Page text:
“The prison system calls this ‘protection’ because it separates us from the abuser,” she wrote in her prepared statement. “But it is punishment. It is retaliation. I saw it happen to other women in prison, and I knew that I would be punished ... I had to not help myself to help myself.”
Linda De La Rosa was yet another victim brave enough to speak about her trauma. She experienced sexual abuse at the hands of a now-convicted former correctional officer while she was locked up at FMC Lexington, a federal prison in Kentucky. De La Rosa, who has filed a federal lawsuit seeking damages for the abuse, said prison officials gave her attacker unsupervised time with her — even though the BOP had known for years that he was a sexual predator.
She ended her testimony with a plea.
“Senators, I make one request: Stop this from happening, from repeating,” she said. “Now. Nothing you are hearing today is new. You have the power and the authority to force the system to change. Please use it.”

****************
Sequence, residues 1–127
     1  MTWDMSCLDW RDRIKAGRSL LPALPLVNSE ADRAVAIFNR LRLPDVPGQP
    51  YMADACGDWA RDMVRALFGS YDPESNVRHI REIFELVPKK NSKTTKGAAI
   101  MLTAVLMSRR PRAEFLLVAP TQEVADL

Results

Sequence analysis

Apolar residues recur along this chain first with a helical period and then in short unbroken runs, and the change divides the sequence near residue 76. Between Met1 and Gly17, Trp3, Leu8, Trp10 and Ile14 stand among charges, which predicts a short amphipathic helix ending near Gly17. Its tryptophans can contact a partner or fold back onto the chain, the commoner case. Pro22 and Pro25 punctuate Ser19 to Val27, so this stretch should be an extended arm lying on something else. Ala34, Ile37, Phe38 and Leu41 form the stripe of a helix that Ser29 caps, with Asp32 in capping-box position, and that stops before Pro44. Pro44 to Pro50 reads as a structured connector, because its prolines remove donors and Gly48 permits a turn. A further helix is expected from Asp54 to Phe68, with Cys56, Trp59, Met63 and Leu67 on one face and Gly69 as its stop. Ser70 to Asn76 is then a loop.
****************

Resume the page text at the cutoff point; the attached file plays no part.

Brenda V. Smith, a law professor who was on the commission that helped develop the 2003 prison rape law, testified that the way prisons are audited under PREA must be reformed. Among other changes, she recommended using more neutral auditors; increasing the numbers of women on staff at all levels; decreasing the amount of time that male officials are unsupervised; and aggressively prosecuting offenders.
We also heard testimony from within the DOJ.
Inspector General Michael Horowitz said improved surveillance cameras would help deter sexual abuse, and he also called on BOP officials to “take more timely and effective action” against officials accused of misconduct. And BOP Director Colette Peters, who became director in August after scandal-plagued former Director Michael Carvajal resigned, vowed to improve training so staff are better prepared to spot and report abuse, as well as to use prosecutions and other disciplinary measures to increase accountability.
With respect to Peters, one thing is abundantly clear after Tuesday’s testimony. The BOP can’t be taken at its word.